US (1970): War/Comedy
116 min, Rated PG, Color.
Robert Altman’s marvellously unstable comedy-a tough, funny, and sophisticated burlesque of military attitudes that is at the same time a tale of chivalry. It’s an episodic film, full of the pleasures of the unexpected, and it keeps you busy listening to some of the best overlapping comic dialogue ever recorded. The title letters stand for Mobile Army Surgical Hospital; the heroes, played by Donald Sutherland and Elliott Gould, are combat surgeons patching up casualties a few miles from the front during the Korean war. They do their surgery in style, with humor; they’re hip Galahads, saving lives while ragging the military bureaucracy. They’re quick to react to bull-and in startling, unpredictable ways. The movie’s chief charm is a free-for-all, throwaway attitude. It combines traditional roustabout comedy with modern attitudes. It’s hip but it isn’t hopeless. A surgical hospital where the doctors’ hands are lost in chests and guts is certainly an unlikely subject for a comedy, but M*A*S*H is probably the sanest American movie of its era. With Tom Skerritt, Sally Kellerman, Robert Duvall, René Auberjonois, Jo Ann Pflug, Gary Burghof, Fred Williamson, Roger Bowen, David Arkin, Michael Murphy, John Schuck, Kim Atwood, Bud Cort, Carl Gottlieb, and Corey Fischer. The semi-improvised material takes off from a script by Ring Lardner, Jr., based on the novel by Richard Hooker (a doctor’s pseudonym). Cinematography by Harold E. Stine. Produced by Ingo Preminger; the associate producer was Leon Ericksen. (The movie provided the basis for the long-running TV series starring Alan Alda.) 20th Century-Fox.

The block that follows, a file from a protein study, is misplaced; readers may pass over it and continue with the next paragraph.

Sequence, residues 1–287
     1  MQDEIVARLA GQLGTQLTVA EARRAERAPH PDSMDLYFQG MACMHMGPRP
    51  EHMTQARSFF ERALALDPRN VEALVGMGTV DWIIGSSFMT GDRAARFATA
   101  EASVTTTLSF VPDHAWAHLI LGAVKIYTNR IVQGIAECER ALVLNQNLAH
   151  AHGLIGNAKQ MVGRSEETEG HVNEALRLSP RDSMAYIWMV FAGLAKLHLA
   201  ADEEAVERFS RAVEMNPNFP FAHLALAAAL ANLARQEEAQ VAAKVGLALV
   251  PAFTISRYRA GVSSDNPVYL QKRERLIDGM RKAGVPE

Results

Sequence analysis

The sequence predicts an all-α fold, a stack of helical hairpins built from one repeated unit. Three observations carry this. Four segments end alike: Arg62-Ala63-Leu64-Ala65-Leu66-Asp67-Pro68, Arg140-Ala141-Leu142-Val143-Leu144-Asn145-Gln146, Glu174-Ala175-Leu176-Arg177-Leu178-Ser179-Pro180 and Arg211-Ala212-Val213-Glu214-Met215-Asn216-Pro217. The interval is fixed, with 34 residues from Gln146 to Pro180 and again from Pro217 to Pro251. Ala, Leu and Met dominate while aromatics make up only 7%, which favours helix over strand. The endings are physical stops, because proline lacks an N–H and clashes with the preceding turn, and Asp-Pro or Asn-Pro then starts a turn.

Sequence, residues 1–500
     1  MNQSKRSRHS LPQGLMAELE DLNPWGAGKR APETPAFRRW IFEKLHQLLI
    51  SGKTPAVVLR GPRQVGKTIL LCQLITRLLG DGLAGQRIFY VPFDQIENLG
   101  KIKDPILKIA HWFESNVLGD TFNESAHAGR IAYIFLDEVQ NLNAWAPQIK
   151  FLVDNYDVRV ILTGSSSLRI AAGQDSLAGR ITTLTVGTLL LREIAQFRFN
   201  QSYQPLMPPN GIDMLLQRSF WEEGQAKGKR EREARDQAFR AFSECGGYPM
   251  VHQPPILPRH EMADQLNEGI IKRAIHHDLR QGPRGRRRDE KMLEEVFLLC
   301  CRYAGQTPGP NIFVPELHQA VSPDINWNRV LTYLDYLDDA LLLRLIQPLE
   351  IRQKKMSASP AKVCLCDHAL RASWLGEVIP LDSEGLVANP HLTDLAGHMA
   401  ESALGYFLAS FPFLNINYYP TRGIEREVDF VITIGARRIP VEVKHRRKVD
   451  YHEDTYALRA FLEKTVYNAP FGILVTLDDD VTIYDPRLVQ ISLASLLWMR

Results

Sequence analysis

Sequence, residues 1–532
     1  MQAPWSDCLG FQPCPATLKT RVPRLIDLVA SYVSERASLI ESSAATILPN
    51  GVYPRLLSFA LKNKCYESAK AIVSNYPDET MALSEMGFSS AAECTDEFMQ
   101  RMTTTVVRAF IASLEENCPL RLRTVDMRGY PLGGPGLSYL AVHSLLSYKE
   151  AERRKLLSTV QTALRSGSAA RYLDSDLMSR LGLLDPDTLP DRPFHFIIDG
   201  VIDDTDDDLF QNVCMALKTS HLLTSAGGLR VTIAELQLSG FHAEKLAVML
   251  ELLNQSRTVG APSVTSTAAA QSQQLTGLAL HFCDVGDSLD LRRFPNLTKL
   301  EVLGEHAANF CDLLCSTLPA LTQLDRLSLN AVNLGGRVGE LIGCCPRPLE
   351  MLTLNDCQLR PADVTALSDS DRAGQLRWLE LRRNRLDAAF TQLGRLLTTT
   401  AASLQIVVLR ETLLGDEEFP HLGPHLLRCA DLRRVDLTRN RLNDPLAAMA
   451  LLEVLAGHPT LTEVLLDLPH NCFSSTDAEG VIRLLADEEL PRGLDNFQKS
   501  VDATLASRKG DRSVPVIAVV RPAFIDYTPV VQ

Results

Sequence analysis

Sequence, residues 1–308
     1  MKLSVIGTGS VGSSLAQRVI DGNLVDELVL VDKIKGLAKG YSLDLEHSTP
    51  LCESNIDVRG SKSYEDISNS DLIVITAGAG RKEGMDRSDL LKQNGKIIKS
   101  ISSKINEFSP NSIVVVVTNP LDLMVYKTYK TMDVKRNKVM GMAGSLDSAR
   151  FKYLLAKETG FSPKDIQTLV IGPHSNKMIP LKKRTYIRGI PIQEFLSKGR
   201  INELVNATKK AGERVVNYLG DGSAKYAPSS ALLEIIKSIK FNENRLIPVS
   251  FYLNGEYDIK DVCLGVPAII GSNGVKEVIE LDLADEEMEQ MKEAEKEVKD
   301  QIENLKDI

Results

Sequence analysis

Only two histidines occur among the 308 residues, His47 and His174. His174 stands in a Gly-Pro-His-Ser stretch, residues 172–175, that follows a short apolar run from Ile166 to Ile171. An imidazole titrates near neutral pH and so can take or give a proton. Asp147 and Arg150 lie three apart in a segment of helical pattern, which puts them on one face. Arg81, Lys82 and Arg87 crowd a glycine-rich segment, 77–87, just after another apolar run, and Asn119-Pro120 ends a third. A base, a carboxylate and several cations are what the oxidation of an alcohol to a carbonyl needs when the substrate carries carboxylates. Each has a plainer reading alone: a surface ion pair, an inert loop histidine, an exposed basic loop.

Richard Pryor-Live in Concert
US (1979): Comedy
78 min, No rating, Color.